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Western Power has joined other high-profile Western Australian energy, mining and resource companies to develop a practical toolkit to pre-screen for modern slavery risks within supply chains.

Central to the toolkit is a self-assessment questionnaire (SAQ) with 18 core questions that the group has agreed to ask suppliers to identify modern slavery risks, improve transparency and identify areas for further due diligence.

Western Power Head of Commercial, Matt Tompsett, said the initiative recognises the challenge that suppliers are facing with increased requests for information due to modern slavery laws in Australia and the United Kingdom, and asking a common set of questions will streamline reporting, provide consistency and clarity.

“The practice of modern slavery is neither ethically nor economically acceptable as part of our procurement and supply chain,” Mr Tompsett said.

“It is initiatives like this where the WA business community can come together to tackle a global problem, by streamlining the identification and contracting of ethically aligned suppliers, that we can start to make a difference.”

Assistant Minister for Customs, Community Safety and Multicultural Affairs, Jason Wood, welcomed the initiative.

“It is vital that large businesses work collaboratively with their business partners and suppliers to combat modern slavery. This innovative industry approach is an important step towards eradicating modern slavery from our supply chains,” Mr Wood said.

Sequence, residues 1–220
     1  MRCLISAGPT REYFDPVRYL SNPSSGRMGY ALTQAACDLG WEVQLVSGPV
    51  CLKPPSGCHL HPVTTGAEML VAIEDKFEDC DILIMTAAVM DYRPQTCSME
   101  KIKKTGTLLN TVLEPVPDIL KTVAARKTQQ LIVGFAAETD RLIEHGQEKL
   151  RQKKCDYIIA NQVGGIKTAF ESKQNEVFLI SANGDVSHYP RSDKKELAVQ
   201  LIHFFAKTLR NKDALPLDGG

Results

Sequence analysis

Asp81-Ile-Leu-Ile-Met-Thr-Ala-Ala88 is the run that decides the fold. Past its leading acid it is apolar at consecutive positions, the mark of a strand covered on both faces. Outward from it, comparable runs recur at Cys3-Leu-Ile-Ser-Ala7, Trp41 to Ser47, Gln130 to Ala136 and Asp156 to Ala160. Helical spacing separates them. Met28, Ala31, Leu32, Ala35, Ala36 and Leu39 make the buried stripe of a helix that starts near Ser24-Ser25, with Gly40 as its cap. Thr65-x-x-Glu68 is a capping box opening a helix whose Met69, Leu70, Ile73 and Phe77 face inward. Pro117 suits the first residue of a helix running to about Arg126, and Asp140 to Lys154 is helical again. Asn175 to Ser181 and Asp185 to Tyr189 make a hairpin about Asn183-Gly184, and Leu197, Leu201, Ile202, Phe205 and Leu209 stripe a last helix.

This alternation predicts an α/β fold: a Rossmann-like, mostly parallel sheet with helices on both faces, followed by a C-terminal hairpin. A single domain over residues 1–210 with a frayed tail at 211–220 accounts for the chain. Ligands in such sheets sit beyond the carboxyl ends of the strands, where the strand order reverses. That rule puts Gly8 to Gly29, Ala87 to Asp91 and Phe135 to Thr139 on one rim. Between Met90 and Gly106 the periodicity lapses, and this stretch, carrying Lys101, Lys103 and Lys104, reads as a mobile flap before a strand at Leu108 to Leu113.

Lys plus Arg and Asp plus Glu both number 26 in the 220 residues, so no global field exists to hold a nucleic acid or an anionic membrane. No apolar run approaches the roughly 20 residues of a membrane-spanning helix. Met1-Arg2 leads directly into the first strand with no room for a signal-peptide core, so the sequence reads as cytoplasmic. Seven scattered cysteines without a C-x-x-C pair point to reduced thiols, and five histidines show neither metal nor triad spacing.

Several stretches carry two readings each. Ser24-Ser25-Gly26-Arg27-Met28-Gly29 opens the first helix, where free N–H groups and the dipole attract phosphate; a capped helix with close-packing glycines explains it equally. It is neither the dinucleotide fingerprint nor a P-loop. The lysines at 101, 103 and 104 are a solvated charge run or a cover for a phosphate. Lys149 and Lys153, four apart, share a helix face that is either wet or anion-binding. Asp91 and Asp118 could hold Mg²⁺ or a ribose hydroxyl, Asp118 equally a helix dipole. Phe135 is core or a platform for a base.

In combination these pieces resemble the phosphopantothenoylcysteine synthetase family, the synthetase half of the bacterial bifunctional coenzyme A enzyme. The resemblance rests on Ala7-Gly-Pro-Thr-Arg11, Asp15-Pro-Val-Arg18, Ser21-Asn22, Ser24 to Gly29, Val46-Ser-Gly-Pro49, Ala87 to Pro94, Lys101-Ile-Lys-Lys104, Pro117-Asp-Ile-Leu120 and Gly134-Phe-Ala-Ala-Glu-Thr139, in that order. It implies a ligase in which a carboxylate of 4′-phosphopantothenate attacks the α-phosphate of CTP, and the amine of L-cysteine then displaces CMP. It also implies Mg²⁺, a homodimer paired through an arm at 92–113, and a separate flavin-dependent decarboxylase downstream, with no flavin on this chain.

Walk Free estimates that modern slavery affects over 40 million people globally.

Walk Free Chief Executive Officer, Jenn Morris, said, “We commend the design of this open source document that supports the mandatory reporting requirements of the Australian Modern Slavery Act. This approach reduces the administration of monitoring yet increases the efficiency and effectiveness of driving better outcomes in identifying the risks of modern slavery.”

By working together, the group aims to help end modern slavery and advance the United Nations Sustainable Development Goal 8 – to promote sustained, inclusive and sustainable economic growth, full and productive employment and decent work for all.

Toolkit includes:

  • Supplier Self-Assessment Questionnaire
  • Frequently Asked Questions
  • Walk Free Foundation Guidance – Understanding Modern Slavery

These documents will be available in four languages (English, Mandarin, Spanish and Japanese). The toolkit is open source and can be downloaded from www.baliprocessbusiness.org. Interested companies are encouraged to use this toolkit. The toolkit has been launched as a pilot program and will be regularly reviewed.

Participating companies:

  • Western Power
  • South32
  • Fortescue Metals Group
  • Anglo American
  • INPEX
  • Gold Fields
  • CITIC Pacific Mining
  • Iluka Resources
  • Synergy
  • ATCO

The initiative excludes collaboration relating to supplier selection, which continues to rely on the decision of individual companies.

Charlotte Pordage is Editor of Utility magazine, a position she has held since November 2018. She joined the team as an Associate Editor in October 2017, after sharpening her writing and editing skills across a range of print and digital publications. Charlotte graduated from Royal Holloway, University of London, in 2011 with joint honours in English and Latin. When she's not putting together Australia's only dedicated utility magazine, she can usually be found riding her horse or curled up with a good book.

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